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Re: Minimum size for /home?

If you intend to use the same filesystem types for both home partitions and maybe even the shared one, you could just format a single filesystem and bind some subdirectories from each system.

In case you're not familiar with mount binding, it would look like this:

From the first distro, try it by doing:
# mkdir /mnt/homes
# mount /dev/disk/by-label/homes /mnt/homes
# mkdir /mnt/homes/{distro{1,2},xp}
# mount --bind /mnt/homes/distro1 /home

Now every file you write in /home from the first distro will be, in fact, written to /mnt/homes/distro1. You get the point.

You could achieve the same thing with symbolic links, but bound mountpoints make more sense in this case, IMHO:
* You avoid the little overhead of a symlink (and maybe some issues?)
* You get more transparency
* You don't mind doing this operation in this "heavier" way, as it's really a system-level thing you have to do at boot-time

Of course, you'll want to edit the /etc/fstab files of the two systems so you don't need to do this manually each time you boot them.

-- If you like the idea and are satisfied with that, you can already stop here --

XP is the bad boy here, so if you want it to share this filesystem with the other distros, you might want it to be FAT32 (shouldn't be a problem for a 12G volume).

If you don't like it, you could format it as NTFS and use the ntfs-3g fuse-based driver for the Linux systems, which works like a charm. Maybe someone can comment on the state of the kernel driver, which should be faster, but was quite unreliable at least in the past.

I wouldn't recommend ext3 in this case, as the only good driver currently available for Windows (to my knowledge) [1] doesn't support journaling and probably other features* (but it works in my experience).

*A somewhat extreme solution would be to use coLinux, which basically runs a Linux kernel as a Windows process - you would be able to perfectly read and write any filesystem supported by Linux. But I don't think that's worth it, I just thought I'd mention it.

[1] http://www.fs-driver.org/

If you want to do it properly on the XP side, you'll probably want to move your Documents and Settings folder to that xp/ directory in the shared filesystem [1]. If that sounds like too much hassle, moving the My Documents directory is way easier [2].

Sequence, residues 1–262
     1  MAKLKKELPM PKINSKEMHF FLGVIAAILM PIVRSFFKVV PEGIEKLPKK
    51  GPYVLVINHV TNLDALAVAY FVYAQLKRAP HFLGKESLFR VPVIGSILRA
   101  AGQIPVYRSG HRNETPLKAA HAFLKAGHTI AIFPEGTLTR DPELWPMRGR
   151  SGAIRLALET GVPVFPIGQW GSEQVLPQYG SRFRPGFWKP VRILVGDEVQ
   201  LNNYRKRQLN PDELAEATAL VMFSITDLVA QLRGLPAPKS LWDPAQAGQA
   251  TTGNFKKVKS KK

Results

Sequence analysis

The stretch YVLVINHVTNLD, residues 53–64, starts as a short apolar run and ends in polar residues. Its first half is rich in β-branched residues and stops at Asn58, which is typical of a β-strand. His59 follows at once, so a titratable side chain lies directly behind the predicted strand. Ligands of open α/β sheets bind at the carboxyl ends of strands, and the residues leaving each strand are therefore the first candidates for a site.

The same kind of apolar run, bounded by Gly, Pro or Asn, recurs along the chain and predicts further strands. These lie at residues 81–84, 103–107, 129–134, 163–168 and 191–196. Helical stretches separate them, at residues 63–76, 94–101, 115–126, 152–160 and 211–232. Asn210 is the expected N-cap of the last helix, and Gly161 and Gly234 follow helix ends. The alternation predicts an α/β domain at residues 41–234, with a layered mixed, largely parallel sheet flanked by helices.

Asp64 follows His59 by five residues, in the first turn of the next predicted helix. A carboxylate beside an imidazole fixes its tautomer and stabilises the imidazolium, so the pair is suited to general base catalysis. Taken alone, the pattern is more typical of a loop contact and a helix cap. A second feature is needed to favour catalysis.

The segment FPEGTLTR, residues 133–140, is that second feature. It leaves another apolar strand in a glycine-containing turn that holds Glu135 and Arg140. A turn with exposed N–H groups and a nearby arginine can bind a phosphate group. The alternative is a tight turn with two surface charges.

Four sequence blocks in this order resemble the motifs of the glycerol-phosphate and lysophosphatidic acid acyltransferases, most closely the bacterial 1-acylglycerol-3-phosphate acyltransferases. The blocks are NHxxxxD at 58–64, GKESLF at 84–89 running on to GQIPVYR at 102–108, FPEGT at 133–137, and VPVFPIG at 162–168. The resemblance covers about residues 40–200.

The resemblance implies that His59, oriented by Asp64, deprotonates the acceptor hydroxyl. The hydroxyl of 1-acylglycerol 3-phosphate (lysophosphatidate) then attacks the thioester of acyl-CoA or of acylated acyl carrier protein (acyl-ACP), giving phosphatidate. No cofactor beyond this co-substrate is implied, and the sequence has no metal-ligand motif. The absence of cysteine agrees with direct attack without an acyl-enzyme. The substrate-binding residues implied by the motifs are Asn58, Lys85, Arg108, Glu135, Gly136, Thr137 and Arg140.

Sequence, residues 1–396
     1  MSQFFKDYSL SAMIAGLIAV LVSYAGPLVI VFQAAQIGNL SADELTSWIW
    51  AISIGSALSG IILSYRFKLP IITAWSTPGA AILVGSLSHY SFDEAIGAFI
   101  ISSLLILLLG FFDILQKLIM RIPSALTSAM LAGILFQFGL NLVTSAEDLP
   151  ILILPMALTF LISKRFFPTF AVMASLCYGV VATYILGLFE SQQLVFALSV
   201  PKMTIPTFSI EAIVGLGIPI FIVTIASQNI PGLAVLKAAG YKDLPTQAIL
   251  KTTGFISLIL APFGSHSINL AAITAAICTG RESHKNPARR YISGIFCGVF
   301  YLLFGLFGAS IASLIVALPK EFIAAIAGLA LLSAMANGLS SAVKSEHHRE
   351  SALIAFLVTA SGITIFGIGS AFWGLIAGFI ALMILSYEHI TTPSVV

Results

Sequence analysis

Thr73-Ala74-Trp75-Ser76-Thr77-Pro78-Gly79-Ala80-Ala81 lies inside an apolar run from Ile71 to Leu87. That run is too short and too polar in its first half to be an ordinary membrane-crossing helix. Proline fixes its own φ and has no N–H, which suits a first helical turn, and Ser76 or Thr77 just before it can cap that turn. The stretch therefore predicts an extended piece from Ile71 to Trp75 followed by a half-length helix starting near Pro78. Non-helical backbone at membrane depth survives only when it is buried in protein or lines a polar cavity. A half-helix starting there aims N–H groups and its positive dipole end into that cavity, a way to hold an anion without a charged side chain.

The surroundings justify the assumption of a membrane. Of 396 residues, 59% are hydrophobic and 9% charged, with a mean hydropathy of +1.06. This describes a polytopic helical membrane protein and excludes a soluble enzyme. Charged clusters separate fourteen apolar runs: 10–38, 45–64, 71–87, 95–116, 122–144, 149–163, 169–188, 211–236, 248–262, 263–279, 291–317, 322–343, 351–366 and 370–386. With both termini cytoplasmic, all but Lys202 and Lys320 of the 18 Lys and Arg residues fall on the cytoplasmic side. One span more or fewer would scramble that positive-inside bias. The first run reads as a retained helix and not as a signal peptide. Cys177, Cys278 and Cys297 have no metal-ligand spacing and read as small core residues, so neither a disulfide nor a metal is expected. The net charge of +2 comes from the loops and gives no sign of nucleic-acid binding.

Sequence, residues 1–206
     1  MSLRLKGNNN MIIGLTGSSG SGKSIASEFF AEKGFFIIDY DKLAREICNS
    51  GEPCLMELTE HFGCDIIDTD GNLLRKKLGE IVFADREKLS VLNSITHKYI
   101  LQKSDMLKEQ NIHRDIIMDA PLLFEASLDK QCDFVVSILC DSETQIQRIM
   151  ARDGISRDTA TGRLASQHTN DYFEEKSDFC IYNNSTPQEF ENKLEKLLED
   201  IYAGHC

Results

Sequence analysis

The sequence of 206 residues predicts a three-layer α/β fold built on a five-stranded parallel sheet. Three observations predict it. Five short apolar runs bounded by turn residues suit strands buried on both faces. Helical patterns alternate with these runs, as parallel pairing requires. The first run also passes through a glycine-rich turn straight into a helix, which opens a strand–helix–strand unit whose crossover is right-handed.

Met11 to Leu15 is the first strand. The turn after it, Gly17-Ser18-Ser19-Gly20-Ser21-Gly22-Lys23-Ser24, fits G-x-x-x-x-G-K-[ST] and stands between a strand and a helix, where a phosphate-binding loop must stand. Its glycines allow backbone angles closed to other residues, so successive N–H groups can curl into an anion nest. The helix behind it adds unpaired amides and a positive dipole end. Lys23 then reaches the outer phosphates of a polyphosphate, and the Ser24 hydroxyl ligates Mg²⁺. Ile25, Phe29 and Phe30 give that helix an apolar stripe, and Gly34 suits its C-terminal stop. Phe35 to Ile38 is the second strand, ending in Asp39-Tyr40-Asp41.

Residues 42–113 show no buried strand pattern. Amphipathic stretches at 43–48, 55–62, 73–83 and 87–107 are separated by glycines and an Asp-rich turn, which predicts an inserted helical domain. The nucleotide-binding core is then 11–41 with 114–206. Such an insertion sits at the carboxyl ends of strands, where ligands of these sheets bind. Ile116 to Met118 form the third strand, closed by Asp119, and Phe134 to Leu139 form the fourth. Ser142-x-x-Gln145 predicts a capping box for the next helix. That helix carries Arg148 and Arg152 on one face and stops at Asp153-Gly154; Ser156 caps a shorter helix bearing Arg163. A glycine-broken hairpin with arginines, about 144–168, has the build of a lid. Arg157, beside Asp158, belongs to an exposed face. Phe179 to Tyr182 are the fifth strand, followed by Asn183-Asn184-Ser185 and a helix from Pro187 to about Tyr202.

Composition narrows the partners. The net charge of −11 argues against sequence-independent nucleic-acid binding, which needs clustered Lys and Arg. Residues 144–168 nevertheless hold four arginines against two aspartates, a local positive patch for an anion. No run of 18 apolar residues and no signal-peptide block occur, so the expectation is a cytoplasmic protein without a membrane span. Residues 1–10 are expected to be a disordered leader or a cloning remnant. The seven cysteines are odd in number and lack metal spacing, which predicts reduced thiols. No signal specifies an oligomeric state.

[1] http://support.microsoft.com/kb/314843/
[2] In the Start menu, just right click My Documents, then Properties, then Target, and point to the directory.

Alright, now you have:
hda1  6GiB  XP
hda2  extended
  hda5  8GiB   distro1
  hda6  8GiB   distro2
  hda7  12GiB  shared
  hda8  1GiB   swap

I think this already makes it much simpler to maintain.

-- Again, you can stop here as well --

The debate is open, but you might consider using a swapfile instead of a dedicated volume and allocate that file only when necessary, with the appropriate size (there are programs out there to do this automatically, which can also grow the swapspace dynamically). You can then gain another gibibyte when the system doesn't need it for swapping, and you can now fit all your partitions entries in the MBR (arguably safer).

-- Want to continue? --

A completely alternative solution would be to virtualize a thing or two, have you considered it?

I know you're not sure about keeping Lenny for the two systems, but if you can manage to keep the same kernel for both, you could put them inside containers managed by this kernel. You would then only need one filesystem for these two systems, and they would be completely isolated without any performance hit. Another advantage is that you could run them simulatenously.

Have a look at LXC (Linux Containers), OpenVZ or VServer (there are some others). In fact, a simple chroot could do, if you know what that implies.

You now have:
hda1  6GiB  XP
hda2  xGiB  distro1 & distro2
hda3  xGiB  shared

-- Might want to stop here --

If you need different kernels and/or different filesystems and/or also want to virtualize XP (I understand you use it less often, but it can work the other way around), you could use paravirtualization software such as KVM (if you have the hardware) or kqemu (if you don't). Xen can do either way, and takes a different approach. VirtualBox is also very simple.

The virtual volumes containing the filesystems containing the two distros would be stored in files dynamically growing/shrinking in a single filesystem.

Now, you effectively have a single filesystem with every component taking up *exactly* the space it needs, at the price of a certain amount of CPU cycles and memory.

hda1  35GiB  everything

-- Can't think of anything else at this point --

In the end, it depends on what is the most important for you:
* Performance?
* Disk space?

According to that choice, you can stop at any point in the "tweaking". Presumably, the sooner you stop, the better performance you get, but the more disk space you waste.

Another thing to consider is that while this can look tedious to setup such environments, it might save you from the hassle of having to deal with filled up filesystems. As such, if you decide to keep your original layout (separate swap, root and home filesystems), I recommend using LVM for everything except of course XP and the shared data volume.

Before anyone says "WTF, he doesn't need all that", let me point out that I'm just exploring the possibilities, and I'm not forcing anyone to read nor to agree with me. I'm saying this because of the somewhat similar discussion we had on single root filesystems this week [1].

[1] http://lists.debian.org/debian-user/2010/02/msg01945.html

Hope this helps in one way or the other.


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